Walking Science Experiment

20160413_103853When I first believed that I had lyme in December 2015, I talked to numerous people about lyme and what to eat. A close girlfriend of mine had a very severe case of it and still struggles with it daily. One of the things I heard from her was to eat gluten free products. Lyme feeds on sugar, and gluten transforms into sugar. So I began to stock up on gluten free bread and crackers. I even bought gluten free chocolate chip cookie mix to try out.

It was so early on in my illness that I was having inflammation constantly, and I wasn’t eliminating anything but the obvious carbohydrates like regular bread, cookies, crackers, and sweets. We like breaded chicken and pork chops, but for me now, that meal was out. I bought gluten free bread crumbs to try out one night. It was a pain cooking with two different types of bread crumbs, but I knew I couldn’t pass off gluten free as regular to the keen eyes and stomachs of my daughter and husband.

The gluten free bread made by UDI’s wasn’t bad…as long as you toasted it. So, I’d make it w/cinnamon or peanut butter in the morning, or use it on tuna fish sandwiches for lunch.

And the cookies were very sweet…a yummy delight to me!

I was still eating cheese at that point, so I’d try to eat gluten free crackers with them. Again, not too bad, but still facing issues with inflammation.

I was also eating fruit. I had read somewhere that pineapples have a compound in them really good for combatting inflammation. Great! I loved pineapples and I was dealing with inflammation– a win-win in my eyes. So, I bought Dole canned pineapple already cut. I made sure there was no extra sugar—I was starting to become a label reader at this point, and I knew sugar was not good for me by my own body language.

But even eating the pineapple or a regular apple for a snack would give me inflammation. After a while, I realized that fruit is all natural sugar—and my body for some reason just couldn’t handle it. So there went the fruit. I was also drinking lemon water daily, thinking that would help to cleanse my body. It would be three months before the light bulb went off in my head: LEMON IS A FRUIT—maybe that is why I was also having a constant stinging in my system every day!

Ok…with the fruit gone, I still felt like I had some options. I loved vegetables, and I could still eat my tomatoes, cucumber, and mozzarella salad for lunches and snacks. So, I began eating that religiously in the morning for my snack. It was a favorite, although I’d still have inflammation, however slight.

I was steadily becoming a label reader, checking carb numbers on anything that was packaged. I knew that anything higher that 5 or more carbs per serving would cause my inflammation to perk up. At one point, I compared the gluten free bread to regular bread, and I soon discovered that the carb content in both was virtually the same! And since a carb is a carb, my body couldn’t handle either type of product. So…that cut out the gluten free market from my diet.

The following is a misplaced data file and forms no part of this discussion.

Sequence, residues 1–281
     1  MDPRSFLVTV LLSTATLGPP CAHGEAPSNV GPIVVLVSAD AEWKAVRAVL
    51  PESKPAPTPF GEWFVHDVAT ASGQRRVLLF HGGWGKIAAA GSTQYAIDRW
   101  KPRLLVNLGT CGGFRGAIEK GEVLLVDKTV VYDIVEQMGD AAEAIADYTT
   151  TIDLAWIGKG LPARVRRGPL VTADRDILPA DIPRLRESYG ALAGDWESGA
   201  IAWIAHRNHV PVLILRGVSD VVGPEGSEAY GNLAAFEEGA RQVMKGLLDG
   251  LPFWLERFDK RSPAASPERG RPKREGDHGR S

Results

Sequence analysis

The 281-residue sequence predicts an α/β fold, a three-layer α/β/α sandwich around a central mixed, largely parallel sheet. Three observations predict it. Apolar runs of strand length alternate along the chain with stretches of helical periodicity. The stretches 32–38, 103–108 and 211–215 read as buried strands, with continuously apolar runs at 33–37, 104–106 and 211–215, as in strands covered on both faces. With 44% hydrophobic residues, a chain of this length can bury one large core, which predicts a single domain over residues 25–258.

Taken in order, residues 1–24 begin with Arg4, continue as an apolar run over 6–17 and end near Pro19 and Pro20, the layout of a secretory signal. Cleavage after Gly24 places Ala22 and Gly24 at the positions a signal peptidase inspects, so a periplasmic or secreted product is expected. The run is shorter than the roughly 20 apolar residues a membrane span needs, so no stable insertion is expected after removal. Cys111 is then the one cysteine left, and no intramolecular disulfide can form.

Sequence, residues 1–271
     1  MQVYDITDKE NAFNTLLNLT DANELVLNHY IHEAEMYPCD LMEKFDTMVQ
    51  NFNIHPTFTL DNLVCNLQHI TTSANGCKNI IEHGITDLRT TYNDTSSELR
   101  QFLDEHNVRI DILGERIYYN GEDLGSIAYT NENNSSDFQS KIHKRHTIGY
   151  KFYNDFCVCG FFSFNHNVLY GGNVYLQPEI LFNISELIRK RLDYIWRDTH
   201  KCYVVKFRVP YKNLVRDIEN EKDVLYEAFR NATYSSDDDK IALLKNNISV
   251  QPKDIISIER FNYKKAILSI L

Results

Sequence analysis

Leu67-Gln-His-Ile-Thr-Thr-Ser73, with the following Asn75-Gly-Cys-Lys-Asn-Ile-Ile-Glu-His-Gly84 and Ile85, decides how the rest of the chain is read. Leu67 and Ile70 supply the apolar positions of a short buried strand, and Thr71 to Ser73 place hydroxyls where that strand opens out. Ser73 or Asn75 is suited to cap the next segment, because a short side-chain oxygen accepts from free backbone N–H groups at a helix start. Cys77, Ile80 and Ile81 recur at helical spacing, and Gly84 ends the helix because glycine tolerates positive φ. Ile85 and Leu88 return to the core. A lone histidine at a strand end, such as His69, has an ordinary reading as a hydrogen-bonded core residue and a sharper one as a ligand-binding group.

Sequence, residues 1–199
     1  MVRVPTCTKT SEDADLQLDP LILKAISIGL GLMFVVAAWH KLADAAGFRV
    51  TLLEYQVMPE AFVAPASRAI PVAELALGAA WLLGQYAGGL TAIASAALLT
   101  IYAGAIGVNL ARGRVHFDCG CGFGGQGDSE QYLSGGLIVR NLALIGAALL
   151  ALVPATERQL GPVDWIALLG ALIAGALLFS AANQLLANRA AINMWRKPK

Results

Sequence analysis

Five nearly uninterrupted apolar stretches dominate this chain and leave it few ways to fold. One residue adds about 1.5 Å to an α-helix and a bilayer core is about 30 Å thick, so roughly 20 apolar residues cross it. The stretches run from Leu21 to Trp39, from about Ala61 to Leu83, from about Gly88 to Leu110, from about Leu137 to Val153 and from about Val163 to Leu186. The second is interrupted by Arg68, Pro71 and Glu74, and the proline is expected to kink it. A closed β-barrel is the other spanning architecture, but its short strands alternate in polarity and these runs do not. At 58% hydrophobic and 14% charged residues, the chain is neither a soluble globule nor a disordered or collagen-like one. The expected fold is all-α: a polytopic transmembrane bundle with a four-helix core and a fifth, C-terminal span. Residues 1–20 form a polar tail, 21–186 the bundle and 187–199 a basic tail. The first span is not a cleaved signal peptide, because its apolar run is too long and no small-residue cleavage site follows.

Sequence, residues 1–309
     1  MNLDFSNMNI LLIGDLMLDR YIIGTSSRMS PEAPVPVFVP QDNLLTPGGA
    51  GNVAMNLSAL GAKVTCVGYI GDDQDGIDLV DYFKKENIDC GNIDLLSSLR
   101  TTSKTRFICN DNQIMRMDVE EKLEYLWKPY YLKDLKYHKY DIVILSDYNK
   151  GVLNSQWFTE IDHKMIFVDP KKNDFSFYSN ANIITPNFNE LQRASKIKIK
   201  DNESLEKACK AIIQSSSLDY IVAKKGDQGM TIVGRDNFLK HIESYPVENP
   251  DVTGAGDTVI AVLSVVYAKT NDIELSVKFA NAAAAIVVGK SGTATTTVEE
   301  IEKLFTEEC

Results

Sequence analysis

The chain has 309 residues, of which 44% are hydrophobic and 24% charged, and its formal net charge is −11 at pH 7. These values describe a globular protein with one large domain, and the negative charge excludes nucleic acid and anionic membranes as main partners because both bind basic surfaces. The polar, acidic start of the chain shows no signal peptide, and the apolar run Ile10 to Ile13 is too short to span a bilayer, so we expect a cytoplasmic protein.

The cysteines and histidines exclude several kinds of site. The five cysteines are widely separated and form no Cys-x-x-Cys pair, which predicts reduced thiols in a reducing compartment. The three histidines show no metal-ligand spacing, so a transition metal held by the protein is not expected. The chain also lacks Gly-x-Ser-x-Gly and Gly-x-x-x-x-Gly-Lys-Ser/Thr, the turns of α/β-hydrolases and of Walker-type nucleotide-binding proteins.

As the months ticked by and I made my way to my first naturopath appointment in March, she took me off cow cheese as well. Oh man! That hurt. I loved cheese, and it was a natural source of protein! Now, the options on my plate were really getting smaller. Since she prescribed some heavy duty supplements, I was also directed to drink at least 64 oz of water a day! That seemed like so much I would float away! But she knew more than me about my health needs at that point, so I began tracking my food and drink intake as instructed, and drank the 64 oz of h2o a day. I had a Tervis tumbler I had gotten for work which held 20 oz of fluid…and as the days ticked by, I could drink one of those at one meal, so 60 ounces or more became no big deal.

In addition to the naturopath, around the same time I went to a dietician because my meals were becoming less and less in terms of calories and content, and I knew I needed help. She instructed me to get at least 4-6 oz of protein with each large meal. And that definitely helped me feel satisfied and not get lethargic during the day. She had also suggested that I begin cooking in bulk to have meals on hand for myself, since my diet was so compromised. So I decided to go to the library to find some cookbooks that would help me. All of mine were for regular people meals…not tick sick people!

I took out a few books that I thought might be helpful, including a Paleo slow cooker cook book. The next night, I went through the book and found a few recipes to try out. Stuffed peppers sounded good…it was made with things I could eat and using the slow cooker for something other than chili would be great.

I know that early on in my illness, I had read on some website about foods to avoid, and yet it never occurred to me until after I made the stuffed peppers to recheck that list!

I made the peppers the next morning, and kept the residual turkey and pepper meat mixture to eat for dinner. I took a little taste of it after cooking it on the stove before stuffing the peppers, and noticed a little buzzing in my system, but I didn’t think anything of it. At dinner that night, my husband and daughter had pasta and sauce, and I ate my turkey and pepper mixture. Within an hour, I was so itchy under my chin and my neck and my stomach! I couldn’t believe it! It was so bothersome I had to take a Benadryl.

I checked that list again, and sure enough: no tomatoes, potatoes, peppers, or eggplant! So much for the stuffed peppers!

Every day there are new symptoms and things to learn around lyme and my body. I am truly a walking science experiment. And now I know to keep a copy of foods that I can’t eat in plain view! Experience is the best teacher they say…for me, it can be a painfully itchy one!

Yours in Lyme Adventures,

TWL

 

 

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